Accordingly, the only question is whether under O'Callahan v. Parker, 395 U.S. 258, 89 S.Ct. 1683, 23 L.Ed.2d 291 appellant was entitled to a civilian court trial. As further described in Relford v. Commandant, U. S. Disciplinary Barracks, Fort Leavenworth, 401 U.S. 355, 91 S.Ct. 649, 28 L.Ed.2d 102, the rules to be applied in determining the "service connected" test are as follows:
"1. The serviceman's proper absence from the base.
2. The crime's commission away from the base.
3. Its commission at a place not under military control.
4. Its commission within our territorial limits and not in an occupied zone of a foreign country.
5. Its commission in peacetime and its being unrelated to authority stemming from the war power.
6. The absence of any connection between the defendant's military duties and the crime.
7. The victim's not being engaged in the performance of a duty related to the military.
8. The presence and availability of a civilian court in which the case can be prosecuted.
9. The absence of any flouting of military authority.
10. The absence of any threat to the military post.
11. The absence of any violation of military property."
In interpreting the Supreme Court's holdings in O'Callahan and in evolving the so-called "overseas exception" to the tests prescribed therein, the Court of Military Appeals has held that a serviceman who commits a non-service connected crime in a foreign country can be court-martialled in this country. United States v. Newvine, 23 USCMA 209, 48 CMR 961 (1973). The recent decision by the Court of Military Appeals in United States v. Black does not restrict the Newvine holding, but merely defines the exact place where the conspiracy was committed. See 19 Cr.L. 2030, April 14, 1976. See also Hemphill v. Moseley, 443 F.2d 322 (10th Cir. 1971); Gallagher v. United States, 423 F.2d 1371 (Ct.Cl.1970); United States v. Keaton, 19 USCMA 64, 41 CMR 64 (1969).
In applying the O'Callahan criteria to the case at bar, it is clear that the murder offense was service connected in the following respects: appellant was not properly absent from the base; the crime was committed in a foreign country; the crime was not committed in peacetime (irrespective of the "legality" of the Vietnamese war); the victim was engaged in the performance of a military duty; appellant was flouting military authority. Of considerable importance too, are the facts that the crime was committed on "a far flung military base" to use Mr. Justice Douglas' words in O'Callahan and that there is no indication that a civilian court in which appellant could have been prosecuted was present and available. It has been held that:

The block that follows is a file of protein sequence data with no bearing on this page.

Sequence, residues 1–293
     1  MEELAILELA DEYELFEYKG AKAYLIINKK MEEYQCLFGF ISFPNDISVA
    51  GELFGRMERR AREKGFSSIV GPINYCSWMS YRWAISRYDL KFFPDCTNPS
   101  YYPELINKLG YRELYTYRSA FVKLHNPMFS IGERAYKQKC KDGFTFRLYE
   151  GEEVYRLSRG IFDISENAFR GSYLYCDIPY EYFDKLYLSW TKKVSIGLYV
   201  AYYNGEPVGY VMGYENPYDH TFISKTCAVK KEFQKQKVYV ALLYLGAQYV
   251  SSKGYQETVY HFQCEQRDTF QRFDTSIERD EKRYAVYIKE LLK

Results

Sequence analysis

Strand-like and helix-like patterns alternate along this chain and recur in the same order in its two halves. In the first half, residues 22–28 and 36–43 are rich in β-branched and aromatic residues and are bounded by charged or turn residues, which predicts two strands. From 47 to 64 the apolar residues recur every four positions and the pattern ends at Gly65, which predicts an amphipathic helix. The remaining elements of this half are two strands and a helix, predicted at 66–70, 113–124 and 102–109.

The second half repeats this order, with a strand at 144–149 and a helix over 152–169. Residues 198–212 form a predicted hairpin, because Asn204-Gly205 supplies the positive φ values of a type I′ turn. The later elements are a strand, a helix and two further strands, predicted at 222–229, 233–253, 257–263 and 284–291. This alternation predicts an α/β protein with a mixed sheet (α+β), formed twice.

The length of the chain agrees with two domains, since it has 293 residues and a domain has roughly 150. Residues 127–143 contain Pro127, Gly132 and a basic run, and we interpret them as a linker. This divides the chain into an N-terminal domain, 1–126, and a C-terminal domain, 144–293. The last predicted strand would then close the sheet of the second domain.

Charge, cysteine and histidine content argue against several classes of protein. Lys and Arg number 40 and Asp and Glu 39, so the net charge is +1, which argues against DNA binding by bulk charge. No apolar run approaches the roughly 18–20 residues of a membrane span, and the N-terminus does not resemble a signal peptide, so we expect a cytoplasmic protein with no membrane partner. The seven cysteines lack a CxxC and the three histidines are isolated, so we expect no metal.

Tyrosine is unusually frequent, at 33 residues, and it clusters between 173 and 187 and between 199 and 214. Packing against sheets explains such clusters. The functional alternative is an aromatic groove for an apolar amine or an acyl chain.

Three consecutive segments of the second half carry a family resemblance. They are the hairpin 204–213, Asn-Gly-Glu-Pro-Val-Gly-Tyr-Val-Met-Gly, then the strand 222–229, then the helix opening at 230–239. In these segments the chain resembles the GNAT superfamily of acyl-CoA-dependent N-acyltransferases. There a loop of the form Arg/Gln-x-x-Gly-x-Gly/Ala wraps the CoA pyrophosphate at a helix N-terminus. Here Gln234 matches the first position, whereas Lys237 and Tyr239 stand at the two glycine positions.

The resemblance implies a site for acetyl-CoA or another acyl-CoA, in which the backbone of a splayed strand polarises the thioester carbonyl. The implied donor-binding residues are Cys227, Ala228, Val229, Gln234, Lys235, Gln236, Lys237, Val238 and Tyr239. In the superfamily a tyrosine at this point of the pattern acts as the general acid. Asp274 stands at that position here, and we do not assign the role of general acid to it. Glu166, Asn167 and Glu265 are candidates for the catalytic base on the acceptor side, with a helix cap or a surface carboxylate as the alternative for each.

". . . when, as in this case, the crime alleged to have been committed was committed on foreign soil subject to military occupation by the United States and it is a crime which has some significance insofar as the maintenance of good order and military discipline is concerned, the jurisdiction and authority of the court martial to try the case must be recognized, particularly since no other court is available." United States ex rel. Jacobs v. Froehlke, supra, p. 1111.
It is the opinion of this court that the requisite service connection necessary for court-martial jurisdiction is abundantly established under the facts of this case.
When this appeal was docketed, the parties were notified that the court was considering summarily affirming the judgment and sentence. They were additionally extended the opportunity to file memoranda in support of their respective positions. Only appellant has responded with such a memorandum. After carefully and thoroughly reviewing Stevens' memorandum and the records and files in this case, we are convinced that the judgment of the district court should be affirmed.
Affirmed. The mandate shall issue forthwith.